The Airbnb cancellation policy is undergoing some changes in 2021. Airbnb recently announced that its extenuating circumstances policy will no longer cover guests with unexpected personal emergencies.
Right now, guests are able to cancel plans for two reasons:
Starting on January 20, 2021, the new extenuating circumstances policy will no longer cover personal circumstances, like flight delays. Guests will still be covered for events that are out of their control, such as a lockdown for instance.
Airbnb cancellation policies protect both the hosts and guests.
Hosts can partially be compensated for cancellations, depending on which cancellation policy they choose (and the exact terms also depends on the location of the host). There are three main Airbnb cancellation policies: flexible, moderate, and strict.
Find out exactly how the Airbnb cancellation policy works so that you can decide which one is best for you.
The short answer is, it depends. For new hosts, I definitely recommend the flexible policy. For seasoned hosts, it could be flexible or moderate. I advise against using the strict cancellation policy.
Note: The super strict 30 and 60 cancellation policies are only available by invitation and under special circumstances. I'm not sure what these are, and I've never seen anyone use these.
At the beginning stage of your Airbnb business, getting bookings is of the highest importance. A flexible policy promotes bookings as guests know that they can cancel for a small fee. Plus, showing that you're willing to accommodate the needs of your guests will help them trust you while you build up your reviews.
PS – When I say new, I mean hosts who haven't reached near full occupancy yet. An empty room or house makes nothing, so if you have big gaps in your calendar, the last thing you want to do is deter guests from making a booking by having a strict cancellation policy.
If you already have a strong reputation on Airbnb, I don't think a moderate cancellation policy will lose you a lot of bookings. At the same time, it doesn't offer much protection either. From my experience (I'll provide some numbers below), most cancellations happen more than five days in advance, so both policies would provide a full refund to the guest.
The main difference between these policies is the flexible policy provides a full refund if canceled more than a day in advance, while the moderate Airbnb cancellation policy offers the guest only a 50% refund when canceled less than five days before.
The difference between the strict policy and the other two is quite significant. Guests are not eligible for a full refund, no matter how long in advance they cancel. I strongly believe this policy deters users from booking, and a majority of bookings wouldn't have been canceled anyway. Here's why…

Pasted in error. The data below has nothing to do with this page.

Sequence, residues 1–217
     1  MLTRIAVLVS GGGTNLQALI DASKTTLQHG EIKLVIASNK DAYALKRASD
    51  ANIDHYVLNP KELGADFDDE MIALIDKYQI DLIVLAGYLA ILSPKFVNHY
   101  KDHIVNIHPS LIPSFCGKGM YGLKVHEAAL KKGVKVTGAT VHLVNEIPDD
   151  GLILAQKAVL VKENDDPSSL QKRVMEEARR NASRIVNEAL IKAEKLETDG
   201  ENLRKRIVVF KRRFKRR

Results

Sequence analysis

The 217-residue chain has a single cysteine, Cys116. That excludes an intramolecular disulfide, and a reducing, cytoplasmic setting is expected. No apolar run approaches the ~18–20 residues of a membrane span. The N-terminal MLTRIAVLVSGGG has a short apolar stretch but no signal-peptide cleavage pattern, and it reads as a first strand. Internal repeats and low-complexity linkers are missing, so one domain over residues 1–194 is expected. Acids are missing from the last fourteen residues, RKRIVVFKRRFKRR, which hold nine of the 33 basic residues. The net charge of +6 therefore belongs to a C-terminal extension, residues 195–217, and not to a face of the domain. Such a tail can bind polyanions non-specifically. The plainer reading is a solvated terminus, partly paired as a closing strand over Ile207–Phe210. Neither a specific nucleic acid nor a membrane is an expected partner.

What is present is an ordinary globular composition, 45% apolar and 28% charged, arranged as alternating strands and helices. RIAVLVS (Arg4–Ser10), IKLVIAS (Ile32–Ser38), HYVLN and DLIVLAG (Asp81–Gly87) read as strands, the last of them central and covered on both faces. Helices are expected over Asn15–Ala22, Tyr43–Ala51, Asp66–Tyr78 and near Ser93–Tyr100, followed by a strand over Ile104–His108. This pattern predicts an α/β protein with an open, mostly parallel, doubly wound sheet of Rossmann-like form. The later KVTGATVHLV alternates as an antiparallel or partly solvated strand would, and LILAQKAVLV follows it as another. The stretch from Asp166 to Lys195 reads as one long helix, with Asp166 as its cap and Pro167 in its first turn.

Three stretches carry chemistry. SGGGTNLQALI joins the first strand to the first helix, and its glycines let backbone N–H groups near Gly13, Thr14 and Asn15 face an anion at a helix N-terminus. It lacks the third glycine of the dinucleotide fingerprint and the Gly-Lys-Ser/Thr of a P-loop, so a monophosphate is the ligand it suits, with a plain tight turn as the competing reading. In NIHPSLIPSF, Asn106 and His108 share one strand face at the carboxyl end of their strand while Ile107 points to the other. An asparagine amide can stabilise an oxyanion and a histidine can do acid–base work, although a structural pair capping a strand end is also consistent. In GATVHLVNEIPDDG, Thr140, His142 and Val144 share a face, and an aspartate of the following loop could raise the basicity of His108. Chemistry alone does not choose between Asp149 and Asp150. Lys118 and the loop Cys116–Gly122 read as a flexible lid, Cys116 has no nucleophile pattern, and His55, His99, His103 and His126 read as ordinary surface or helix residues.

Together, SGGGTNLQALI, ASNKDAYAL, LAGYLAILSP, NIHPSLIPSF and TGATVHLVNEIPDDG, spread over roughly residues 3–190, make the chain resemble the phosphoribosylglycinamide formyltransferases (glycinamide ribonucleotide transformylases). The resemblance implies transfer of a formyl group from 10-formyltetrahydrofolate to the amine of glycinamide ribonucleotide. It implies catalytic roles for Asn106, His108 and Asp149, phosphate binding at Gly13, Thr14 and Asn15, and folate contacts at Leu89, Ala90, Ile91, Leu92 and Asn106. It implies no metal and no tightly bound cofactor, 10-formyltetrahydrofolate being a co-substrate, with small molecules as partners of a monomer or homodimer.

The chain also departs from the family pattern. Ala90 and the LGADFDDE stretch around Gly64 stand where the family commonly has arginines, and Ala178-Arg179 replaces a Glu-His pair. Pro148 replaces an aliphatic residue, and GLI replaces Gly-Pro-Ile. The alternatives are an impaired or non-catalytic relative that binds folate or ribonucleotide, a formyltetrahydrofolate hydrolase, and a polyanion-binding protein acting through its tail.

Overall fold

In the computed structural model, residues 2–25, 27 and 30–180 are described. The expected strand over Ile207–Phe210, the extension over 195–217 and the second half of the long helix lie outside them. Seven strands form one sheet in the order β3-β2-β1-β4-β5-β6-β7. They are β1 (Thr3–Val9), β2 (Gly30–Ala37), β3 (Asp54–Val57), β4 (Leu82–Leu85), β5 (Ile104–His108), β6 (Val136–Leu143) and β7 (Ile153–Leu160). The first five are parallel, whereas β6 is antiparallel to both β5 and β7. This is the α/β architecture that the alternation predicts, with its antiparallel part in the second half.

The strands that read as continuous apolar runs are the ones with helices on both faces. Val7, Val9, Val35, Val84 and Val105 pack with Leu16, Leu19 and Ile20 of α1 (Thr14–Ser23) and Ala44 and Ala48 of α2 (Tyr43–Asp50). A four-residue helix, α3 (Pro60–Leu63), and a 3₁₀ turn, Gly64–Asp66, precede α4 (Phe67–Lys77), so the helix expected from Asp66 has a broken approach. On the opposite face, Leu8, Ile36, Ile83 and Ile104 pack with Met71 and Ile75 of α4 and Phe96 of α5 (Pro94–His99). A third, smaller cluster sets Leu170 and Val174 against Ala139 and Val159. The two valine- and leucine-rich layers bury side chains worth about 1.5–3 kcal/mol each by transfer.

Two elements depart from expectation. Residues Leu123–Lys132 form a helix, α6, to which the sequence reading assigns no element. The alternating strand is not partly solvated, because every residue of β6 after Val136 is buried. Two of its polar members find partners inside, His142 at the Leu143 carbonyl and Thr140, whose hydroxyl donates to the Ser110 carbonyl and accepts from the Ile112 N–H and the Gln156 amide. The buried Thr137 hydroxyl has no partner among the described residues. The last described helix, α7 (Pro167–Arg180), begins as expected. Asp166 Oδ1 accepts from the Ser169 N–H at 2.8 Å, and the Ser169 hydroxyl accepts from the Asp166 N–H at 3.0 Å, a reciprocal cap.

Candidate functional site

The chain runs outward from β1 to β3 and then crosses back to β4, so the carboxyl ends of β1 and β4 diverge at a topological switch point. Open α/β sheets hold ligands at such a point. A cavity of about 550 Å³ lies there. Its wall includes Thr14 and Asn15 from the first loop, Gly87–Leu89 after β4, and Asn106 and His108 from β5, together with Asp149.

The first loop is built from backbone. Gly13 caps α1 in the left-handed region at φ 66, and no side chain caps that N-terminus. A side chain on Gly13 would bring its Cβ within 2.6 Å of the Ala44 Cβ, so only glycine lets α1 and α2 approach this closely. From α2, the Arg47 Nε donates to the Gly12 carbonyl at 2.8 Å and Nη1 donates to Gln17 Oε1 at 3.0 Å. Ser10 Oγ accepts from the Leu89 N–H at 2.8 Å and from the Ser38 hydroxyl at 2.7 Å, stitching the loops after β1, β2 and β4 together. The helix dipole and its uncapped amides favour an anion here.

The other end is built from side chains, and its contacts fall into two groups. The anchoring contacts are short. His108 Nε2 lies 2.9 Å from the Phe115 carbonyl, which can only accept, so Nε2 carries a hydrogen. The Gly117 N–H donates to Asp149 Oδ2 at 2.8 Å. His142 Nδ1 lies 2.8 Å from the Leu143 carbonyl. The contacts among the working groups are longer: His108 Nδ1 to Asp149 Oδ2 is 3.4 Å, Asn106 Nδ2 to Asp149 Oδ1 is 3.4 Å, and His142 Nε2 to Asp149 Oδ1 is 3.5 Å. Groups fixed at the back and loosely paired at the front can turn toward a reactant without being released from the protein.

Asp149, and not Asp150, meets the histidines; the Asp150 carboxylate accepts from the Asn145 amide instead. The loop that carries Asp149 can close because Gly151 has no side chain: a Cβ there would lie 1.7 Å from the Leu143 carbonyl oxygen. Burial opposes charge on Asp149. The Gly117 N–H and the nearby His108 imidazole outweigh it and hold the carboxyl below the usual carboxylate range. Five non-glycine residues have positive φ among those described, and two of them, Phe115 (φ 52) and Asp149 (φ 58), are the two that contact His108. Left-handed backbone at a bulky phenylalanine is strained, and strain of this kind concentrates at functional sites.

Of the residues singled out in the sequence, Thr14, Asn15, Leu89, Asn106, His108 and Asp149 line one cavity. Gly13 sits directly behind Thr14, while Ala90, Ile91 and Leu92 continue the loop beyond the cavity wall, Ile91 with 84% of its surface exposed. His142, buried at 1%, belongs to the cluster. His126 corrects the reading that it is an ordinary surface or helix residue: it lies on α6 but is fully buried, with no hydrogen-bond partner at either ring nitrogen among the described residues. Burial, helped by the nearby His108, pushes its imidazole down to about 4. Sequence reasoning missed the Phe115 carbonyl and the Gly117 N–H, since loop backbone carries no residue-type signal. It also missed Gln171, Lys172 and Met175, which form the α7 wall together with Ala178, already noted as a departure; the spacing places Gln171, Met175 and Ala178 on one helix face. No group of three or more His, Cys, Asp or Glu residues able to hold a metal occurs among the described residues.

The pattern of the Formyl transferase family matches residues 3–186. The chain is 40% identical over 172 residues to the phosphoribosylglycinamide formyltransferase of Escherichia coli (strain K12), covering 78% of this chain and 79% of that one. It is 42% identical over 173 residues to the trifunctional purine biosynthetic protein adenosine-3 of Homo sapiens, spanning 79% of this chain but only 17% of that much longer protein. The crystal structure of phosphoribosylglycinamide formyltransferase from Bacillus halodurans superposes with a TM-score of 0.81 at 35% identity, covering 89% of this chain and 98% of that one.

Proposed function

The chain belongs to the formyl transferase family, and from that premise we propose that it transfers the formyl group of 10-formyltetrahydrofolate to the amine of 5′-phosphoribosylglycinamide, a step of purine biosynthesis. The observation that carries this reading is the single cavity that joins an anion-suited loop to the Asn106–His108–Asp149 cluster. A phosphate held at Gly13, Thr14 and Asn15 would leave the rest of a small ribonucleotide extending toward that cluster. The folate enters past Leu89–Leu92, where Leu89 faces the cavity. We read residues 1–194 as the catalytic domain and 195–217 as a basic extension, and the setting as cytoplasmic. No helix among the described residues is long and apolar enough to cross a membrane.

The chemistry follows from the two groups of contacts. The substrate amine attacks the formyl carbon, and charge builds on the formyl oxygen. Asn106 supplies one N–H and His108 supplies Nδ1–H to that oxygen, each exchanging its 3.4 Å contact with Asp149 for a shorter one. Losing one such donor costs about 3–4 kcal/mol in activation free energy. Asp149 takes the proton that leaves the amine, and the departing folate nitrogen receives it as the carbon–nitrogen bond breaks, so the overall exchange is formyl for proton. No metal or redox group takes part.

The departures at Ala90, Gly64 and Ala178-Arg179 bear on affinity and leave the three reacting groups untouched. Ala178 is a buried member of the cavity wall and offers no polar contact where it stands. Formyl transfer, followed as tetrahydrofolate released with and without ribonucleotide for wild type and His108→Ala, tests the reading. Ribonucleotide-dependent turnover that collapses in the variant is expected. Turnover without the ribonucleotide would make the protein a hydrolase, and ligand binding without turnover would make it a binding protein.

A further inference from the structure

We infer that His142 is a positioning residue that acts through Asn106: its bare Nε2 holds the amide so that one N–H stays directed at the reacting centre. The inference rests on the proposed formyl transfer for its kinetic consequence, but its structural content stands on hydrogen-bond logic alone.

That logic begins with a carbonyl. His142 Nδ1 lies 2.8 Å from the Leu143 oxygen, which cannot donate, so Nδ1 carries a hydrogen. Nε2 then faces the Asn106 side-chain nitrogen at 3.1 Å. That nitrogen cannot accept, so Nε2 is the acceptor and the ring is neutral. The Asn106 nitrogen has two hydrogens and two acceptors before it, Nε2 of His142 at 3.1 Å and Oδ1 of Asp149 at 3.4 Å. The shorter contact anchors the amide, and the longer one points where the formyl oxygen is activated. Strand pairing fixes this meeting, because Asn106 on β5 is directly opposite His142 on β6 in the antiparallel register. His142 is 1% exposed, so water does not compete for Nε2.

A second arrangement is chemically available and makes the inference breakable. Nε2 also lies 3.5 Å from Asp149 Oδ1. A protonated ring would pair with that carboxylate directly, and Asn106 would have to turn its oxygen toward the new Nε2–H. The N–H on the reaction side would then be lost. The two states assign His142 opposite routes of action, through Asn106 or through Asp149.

First of all, cancellations are pretty rare in general. With a moderate cancellation policy in place, I accepted 379 reservation requests during my hosting journey in Amsterdam, and only 33 canceled. That's less than 9%. That means that only about one in twelve bookings was canceled.
Only one of these bookings was canceled less than five days before check-in, so I got to keep 50% of the booking amount. I lost a total of 25 booking days as a result of the cancellations. I calculated this by looking at the days that were canceled and how many of these days I managed to book after the cancellation.
In other words, during nearly five years of hosting, only 25 booking days were canceled that I didn't manage to re-book. That's a very small number, about 2.5% given that I've hosted a total of 1087 days. I'm fairly confident that if I would have had a strict cancellation policy in place, I would have hosted significantly fewer days.
Our brains are wired to always consider the worst-case scenario. Whenever we commit to something, the “what if?” question pops up. It makes people feel uncomfortable to be stuck with a commitment that they'll have no way to back out of. Even if they don't plan to back out of it. They'll most likely look for another rental with a more lenient policy, especially when dates are far into the future.
This is the reason that hotel bookings websites have started to offer the free cancellation option up until the day before check-in for a lot of hotels. It gives the booker the peace of mind that if plans would change, they can cancel. However, it's very rare that these plans actually change, as you can see from the numbers that I provided.
If you want to easily access this data for your listing, in your Airbnb dashboard go to “Your Reservations,” scroll down to the bottom and select “View all reservation history.” Then click on the “Print this page” in the top right corner. Now use the “find” function (usually ctrl-F or command-F) and search for “accepted” to find your total number of reservations and “canceled” for the total amount of cancellations.
Now scroll through the list to count the “fake” cancellations. I had 11 out of 44 that weren't real cancellations, these were bookings where the booker made a mistake, canceled, and made a new booking. Remove these from your calculation.
Airbnb is testing a change to their cancellation policies in Italy. The main changes are:
The new policies are simplified in the sense that all policies now include a period of time where the guest can cancel without any financial loss. This is a game-changer. The security and peace of mind that this gives the booker will allow them to book with less hesitation.
Clearly, the new policies are more in favor of the guests and the initial reaction from Italian hosts isn't very positive, as could be expected.
Airbnb is aiming to make its platform more user-friendly by incentivizing hosts to adopt a flexible cancellation policy. Although I understand the pushback from hosts, in the long term I think this is a good thing. The increased user-friendliness will help the platform attract more users, which will benefit hosts.